Farm leaders are to push for a higher sugar beet price after rejected British Sugar’s offer of £30.67/t for the 2014 crop.
Some 361 people, representing 550 sugar beet growers, attended an NFU meeting at the East of England Showground, Peterborough, on Tuesday (18 June). The NFU Sugar board will now re-enter price talks with British Sugar for the 2014/15 beet crop.
NFU sugar chairman William Martin said the turnout showed the strength of feeling among growers that the British Sugar price offer was much too low. “We are sick of being at the bottom of the European price table,” he told the meeting.
Mr Martin said he had an acceptable price in mind, but declined to reveal what it was. “British Sugar have come up with a base price – it is not up to us to put a ceiling on it,” he said.
Urging growers to stick together, Mr Martin said farmers should refrain from engaging in price negotiations with British Sugar on an individual basis. Growers at the meeting agreed to forward their contract details and pledges to NFU Sugar to underline their unified commitment.
Mr Martin said: “For many growers, the British Sugar price falls short of what they have been asking us for and what is necessary to address concerns of having beet in the rotation. It is good to see that feeling reflected in the room today.
“The sheer number of you here shows the strength of feeling in the sector, and how important it is for us to move forward on this together and with your backing. We have a clear aim – to ensure our colleagues in Europe are not paid more than us for the same product.”
Phase two of the negotiations comes after British Sugar unveiled its initial offer of £30.67/t at this month’s Cereals event. Mr Martin said: “This demonstration of strength sends a clear signal to them that we are united and we will be expecting a much better price if they want us to agree.”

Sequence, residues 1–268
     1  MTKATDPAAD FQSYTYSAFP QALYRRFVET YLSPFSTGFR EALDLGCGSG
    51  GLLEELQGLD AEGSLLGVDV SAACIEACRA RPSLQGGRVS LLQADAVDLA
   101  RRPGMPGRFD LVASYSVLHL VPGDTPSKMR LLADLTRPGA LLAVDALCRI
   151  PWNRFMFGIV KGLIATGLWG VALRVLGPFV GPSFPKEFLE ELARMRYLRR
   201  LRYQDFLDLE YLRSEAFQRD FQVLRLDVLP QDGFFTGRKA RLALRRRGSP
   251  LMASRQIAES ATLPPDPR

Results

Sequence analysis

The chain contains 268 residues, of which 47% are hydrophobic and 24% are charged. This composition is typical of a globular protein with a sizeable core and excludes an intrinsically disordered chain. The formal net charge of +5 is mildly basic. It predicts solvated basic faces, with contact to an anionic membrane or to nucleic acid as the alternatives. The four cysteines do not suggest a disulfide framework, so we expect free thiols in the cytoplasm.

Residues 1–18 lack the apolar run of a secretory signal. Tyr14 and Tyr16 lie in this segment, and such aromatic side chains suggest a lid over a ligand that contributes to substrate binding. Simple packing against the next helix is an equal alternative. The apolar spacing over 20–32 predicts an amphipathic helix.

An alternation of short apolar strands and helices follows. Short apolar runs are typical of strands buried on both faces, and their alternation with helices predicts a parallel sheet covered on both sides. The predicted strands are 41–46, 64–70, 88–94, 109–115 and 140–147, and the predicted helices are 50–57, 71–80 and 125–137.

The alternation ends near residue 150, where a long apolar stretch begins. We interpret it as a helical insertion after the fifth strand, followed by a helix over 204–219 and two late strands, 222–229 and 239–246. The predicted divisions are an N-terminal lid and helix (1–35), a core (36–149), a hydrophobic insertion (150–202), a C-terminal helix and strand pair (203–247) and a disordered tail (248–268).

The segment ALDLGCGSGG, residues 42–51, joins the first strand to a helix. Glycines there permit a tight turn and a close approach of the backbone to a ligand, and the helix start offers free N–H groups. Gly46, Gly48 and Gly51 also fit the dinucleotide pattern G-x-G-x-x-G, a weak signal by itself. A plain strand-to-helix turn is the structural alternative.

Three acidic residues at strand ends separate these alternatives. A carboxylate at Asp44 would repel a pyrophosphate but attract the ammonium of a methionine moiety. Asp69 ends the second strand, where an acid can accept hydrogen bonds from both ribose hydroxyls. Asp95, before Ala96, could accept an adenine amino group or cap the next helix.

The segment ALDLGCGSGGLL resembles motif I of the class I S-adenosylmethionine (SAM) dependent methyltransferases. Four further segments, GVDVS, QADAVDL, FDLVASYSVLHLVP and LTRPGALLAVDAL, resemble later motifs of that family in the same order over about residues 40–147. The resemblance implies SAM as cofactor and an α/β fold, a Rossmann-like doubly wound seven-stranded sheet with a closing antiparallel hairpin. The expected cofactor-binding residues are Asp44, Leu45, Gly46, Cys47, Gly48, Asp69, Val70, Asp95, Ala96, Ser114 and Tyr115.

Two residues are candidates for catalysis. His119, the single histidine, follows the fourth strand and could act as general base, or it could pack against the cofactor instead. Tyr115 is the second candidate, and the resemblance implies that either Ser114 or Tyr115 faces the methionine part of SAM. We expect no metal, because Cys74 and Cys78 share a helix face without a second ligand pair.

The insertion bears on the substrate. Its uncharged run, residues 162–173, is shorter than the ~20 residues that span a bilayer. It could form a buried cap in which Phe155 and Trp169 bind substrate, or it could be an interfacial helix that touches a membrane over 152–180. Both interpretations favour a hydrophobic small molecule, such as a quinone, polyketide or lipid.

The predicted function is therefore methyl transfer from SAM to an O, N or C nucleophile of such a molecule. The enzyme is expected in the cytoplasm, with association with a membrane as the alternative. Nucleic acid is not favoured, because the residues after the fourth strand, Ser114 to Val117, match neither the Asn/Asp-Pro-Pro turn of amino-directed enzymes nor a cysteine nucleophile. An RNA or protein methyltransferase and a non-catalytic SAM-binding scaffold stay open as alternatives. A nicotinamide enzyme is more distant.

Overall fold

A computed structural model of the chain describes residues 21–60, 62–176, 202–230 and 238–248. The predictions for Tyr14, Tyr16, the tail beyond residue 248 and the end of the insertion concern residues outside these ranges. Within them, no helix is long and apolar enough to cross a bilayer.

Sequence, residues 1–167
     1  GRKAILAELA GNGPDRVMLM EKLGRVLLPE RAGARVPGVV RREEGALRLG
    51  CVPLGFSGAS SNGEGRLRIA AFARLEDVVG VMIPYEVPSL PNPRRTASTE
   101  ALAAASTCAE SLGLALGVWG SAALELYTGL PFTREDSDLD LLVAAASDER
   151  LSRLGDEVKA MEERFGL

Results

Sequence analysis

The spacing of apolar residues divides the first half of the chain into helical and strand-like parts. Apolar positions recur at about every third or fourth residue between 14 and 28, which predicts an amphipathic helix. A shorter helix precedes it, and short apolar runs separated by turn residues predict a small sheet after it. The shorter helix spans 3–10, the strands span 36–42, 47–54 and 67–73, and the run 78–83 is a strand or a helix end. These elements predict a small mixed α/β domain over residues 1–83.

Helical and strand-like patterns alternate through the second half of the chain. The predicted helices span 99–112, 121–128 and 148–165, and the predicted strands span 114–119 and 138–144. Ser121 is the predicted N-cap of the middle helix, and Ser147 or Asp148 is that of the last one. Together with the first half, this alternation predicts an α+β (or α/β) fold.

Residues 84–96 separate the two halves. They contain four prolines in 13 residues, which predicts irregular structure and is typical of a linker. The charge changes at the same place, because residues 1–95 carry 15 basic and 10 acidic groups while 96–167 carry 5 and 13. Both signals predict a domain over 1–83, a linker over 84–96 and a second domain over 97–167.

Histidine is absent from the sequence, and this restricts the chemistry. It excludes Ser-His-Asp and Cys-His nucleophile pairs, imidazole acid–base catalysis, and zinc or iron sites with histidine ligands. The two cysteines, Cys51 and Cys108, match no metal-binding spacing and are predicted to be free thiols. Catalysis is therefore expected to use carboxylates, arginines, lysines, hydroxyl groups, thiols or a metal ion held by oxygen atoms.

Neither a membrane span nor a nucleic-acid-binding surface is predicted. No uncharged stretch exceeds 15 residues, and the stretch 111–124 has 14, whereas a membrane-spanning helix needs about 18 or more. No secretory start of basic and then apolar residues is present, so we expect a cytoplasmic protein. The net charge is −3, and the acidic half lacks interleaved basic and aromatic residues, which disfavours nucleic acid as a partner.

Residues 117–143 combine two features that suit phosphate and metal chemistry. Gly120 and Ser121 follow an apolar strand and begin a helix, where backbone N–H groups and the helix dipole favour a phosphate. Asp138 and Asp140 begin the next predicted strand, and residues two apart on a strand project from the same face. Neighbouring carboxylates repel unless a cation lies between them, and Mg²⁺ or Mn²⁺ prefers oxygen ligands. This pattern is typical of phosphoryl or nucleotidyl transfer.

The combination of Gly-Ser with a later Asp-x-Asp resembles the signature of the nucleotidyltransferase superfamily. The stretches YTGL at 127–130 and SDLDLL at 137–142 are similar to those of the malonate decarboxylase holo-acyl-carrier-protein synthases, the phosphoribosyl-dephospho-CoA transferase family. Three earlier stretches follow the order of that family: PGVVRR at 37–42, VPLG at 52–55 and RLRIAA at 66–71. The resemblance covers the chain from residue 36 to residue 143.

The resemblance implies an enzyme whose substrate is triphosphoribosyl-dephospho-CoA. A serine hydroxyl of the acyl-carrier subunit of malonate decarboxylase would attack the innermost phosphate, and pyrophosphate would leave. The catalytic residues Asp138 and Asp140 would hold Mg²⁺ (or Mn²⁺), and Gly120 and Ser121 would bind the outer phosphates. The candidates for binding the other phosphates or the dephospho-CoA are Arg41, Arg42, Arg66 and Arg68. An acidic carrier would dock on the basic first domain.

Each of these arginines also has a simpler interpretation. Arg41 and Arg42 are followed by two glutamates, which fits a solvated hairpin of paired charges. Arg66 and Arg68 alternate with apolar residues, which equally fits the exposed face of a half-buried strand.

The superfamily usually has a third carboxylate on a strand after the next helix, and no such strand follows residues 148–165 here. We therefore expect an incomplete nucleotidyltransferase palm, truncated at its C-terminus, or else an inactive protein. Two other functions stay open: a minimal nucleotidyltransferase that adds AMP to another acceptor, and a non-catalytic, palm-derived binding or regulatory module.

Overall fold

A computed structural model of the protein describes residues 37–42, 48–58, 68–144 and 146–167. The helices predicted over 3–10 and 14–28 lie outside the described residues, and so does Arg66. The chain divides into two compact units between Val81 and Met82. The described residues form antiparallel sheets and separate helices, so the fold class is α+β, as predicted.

Negotiations could take months – but Mr Martin said growers were prepared to wait as long as it took for NFU Sugar to secure a fairer price, reflecting the value of sugar beet. If British Sugar failed to budge, farmers would be growing oilseed rape instead.
“It is important to remember that it is not down to British Sugar to decide how much our farms are worth, it is down to each farmer individually,” he told the meeting. “I feel very strongly that your farms are worth more than the current British Sugar offer, and we must remain resolute and united.”
British Sugar said it had already offered £3/t more in recognition of the increasingly long sugar beet season, factory reliability and profitability of other crops. Had it not done so, the agreed mechanism price for 2014 would have been £27.67/t.
The £30.67/t amount was the proposed base price for contracted beet, before late delivery bonuses/payments had been applied, said British Sugar. Beet delivered later in the season would receive a higher price – as much as £34.11/t by the end of February.